The normal function of a heart includes two main blood vessels leaving the heart: the aorta carrying blood to the body and the pulmonary artery that delivers blood to each lung.
In patients with truncus arteriosus there is only one great blood vessel or trunk leaving the heart, which then feeds the blood vessels that go to the lungs and the body.
A patient with truncus arteriosus usually begins to have problems in the first week of life. Their oxygen levels are usually lower than normal.
Because of the excessive amount of blood flow to the lungs with this malformation, congestive heart failure develops very quickly. With an X-ray, the heart looks enlarged and the lungs look hazy.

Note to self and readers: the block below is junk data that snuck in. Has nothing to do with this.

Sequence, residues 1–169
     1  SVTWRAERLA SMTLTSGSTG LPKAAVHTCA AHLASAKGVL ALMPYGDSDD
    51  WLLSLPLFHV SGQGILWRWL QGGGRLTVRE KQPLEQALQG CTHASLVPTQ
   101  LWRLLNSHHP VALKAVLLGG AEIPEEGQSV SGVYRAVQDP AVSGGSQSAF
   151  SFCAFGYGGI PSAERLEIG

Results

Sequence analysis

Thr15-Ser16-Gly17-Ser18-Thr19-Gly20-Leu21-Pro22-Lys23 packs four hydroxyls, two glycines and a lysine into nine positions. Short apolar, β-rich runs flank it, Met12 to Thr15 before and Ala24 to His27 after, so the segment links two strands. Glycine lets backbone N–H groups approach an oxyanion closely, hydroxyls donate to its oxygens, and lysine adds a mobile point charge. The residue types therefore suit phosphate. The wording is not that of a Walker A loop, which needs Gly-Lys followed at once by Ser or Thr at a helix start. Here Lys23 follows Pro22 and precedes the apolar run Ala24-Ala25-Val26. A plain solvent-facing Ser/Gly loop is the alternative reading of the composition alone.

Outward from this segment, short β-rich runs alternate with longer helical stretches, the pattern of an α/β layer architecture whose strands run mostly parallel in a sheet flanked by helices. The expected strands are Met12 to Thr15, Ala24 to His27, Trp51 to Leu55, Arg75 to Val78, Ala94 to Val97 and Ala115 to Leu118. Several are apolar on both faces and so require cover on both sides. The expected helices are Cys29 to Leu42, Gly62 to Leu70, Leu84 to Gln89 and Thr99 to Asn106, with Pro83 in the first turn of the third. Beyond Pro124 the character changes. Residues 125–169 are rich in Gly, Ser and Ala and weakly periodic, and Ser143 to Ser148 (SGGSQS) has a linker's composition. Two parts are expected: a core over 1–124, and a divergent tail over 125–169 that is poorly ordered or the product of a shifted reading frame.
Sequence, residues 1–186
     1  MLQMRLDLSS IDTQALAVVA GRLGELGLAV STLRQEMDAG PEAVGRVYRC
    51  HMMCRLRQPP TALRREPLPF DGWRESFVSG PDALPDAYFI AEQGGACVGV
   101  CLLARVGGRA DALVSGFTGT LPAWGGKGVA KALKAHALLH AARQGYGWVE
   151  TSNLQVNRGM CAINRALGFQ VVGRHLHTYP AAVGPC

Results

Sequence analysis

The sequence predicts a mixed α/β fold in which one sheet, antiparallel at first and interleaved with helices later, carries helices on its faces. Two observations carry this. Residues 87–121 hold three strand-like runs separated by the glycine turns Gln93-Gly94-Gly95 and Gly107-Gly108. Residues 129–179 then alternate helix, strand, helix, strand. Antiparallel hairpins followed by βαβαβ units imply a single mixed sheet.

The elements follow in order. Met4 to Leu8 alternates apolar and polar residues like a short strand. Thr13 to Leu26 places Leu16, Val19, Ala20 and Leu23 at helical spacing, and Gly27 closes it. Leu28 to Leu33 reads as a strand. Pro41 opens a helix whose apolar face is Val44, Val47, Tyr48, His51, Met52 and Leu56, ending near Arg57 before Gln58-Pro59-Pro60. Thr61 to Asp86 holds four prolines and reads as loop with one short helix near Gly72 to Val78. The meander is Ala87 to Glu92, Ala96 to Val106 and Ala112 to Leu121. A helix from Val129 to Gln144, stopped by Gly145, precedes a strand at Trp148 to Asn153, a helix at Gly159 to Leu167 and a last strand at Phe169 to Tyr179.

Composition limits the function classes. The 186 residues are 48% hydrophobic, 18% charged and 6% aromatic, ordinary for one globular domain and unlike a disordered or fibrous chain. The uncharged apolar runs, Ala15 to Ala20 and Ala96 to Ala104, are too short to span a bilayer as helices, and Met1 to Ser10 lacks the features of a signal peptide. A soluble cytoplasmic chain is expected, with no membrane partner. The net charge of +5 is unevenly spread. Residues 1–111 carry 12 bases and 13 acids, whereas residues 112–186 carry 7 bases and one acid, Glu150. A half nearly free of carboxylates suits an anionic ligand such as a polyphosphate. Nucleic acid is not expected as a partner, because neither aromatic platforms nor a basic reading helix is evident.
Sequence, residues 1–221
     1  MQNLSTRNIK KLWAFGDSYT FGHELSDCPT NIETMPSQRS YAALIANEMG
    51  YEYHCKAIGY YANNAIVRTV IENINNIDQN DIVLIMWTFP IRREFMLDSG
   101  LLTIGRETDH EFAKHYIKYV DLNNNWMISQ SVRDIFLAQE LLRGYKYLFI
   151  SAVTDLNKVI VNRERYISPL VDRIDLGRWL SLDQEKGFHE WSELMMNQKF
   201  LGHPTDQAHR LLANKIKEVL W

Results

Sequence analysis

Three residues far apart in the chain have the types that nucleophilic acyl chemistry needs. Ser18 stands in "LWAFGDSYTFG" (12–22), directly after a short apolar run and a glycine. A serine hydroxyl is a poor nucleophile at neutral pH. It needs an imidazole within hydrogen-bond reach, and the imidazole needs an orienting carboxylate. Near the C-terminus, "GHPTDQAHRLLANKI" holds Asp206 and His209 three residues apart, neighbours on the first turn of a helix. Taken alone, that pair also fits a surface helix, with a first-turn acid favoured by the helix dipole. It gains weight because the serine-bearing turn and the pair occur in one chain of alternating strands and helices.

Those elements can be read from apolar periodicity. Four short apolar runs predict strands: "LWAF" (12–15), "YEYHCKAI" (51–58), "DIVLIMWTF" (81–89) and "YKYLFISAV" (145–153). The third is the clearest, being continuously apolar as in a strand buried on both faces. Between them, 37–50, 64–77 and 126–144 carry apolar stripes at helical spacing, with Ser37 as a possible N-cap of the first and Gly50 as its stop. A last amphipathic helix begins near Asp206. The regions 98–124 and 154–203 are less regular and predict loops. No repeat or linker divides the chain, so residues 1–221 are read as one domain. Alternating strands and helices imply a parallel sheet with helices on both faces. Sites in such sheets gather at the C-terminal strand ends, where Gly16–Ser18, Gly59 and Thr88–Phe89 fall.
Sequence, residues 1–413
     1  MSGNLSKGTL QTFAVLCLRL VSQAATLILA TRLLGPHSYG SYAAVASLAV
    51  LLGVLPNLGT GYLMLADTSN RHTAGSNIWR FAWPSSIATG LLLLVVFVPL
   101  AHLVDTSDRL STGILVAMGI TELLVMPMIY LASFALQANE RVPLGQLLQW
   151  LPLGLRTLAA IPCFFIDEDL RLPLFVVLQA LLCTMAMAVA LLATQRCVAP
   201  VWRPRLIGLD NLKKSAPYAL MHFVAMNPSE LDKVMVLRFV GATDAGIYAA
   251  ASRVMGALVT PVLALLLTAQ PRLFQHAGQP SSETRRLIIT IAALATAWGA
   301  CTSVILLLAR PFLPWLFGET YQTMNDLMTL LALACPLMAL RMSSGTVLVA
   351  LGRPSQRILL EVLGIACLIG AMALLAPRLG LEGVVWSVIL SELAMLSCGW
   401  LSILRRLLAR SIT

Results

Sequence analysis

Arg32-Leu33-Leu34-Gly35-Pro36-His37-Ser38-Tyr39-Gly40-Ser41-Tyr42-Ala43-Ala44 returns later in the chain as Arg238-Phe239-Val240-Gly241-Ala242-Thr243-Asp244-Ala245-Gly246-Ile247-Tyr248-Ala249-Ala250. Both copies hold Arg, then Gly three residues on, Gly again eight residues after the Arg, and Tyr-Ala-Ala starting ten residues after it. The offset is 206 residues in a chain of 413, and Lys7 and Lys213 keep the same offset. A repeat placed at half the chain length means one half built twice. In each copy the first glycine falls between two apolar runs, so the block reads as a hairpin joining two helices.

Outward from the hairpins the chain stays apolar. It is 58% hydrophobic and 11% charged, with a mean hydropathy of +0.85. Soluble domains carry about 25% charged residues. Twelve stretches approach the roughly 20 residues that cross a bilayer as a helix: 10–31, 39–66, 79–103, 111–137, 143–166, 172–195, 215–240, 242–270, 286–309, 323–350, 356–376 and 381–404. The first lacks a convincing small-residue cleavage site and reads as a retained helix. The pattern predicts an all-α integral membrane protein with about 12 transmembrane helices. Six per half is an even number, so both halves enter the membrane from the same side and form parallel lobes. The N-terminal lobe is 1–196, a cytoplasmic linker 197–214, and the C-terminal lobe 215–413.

Indications of congestive heart failure included rapid breathing, shortness of breath, wheezing, grunting or very noisy breathing, nasal flaring, and restlessness.
The liver may be enlarged; neck vein distention, poor feeding, and facial swelling are also seen.
While truncus arteriosus may be suspected, an echocardiogram will confirm the presence of the disorder.Initial treatment begins with stabilizing the patient. Medications to control congestive heart failure such as diuretics are often started.
The use of a feeding tube or intravenous feeding may be needed. Surgical correction is typically carried out in the first few weeks of life after the infant is stabilized and the surgical repair of truncus arteriosus requires the use of heart-lung bypass machine.
Currently over 90 percent of patients survive repair of truncus arteriosus. As the patient grows, they will need to be followed by their cardiologist.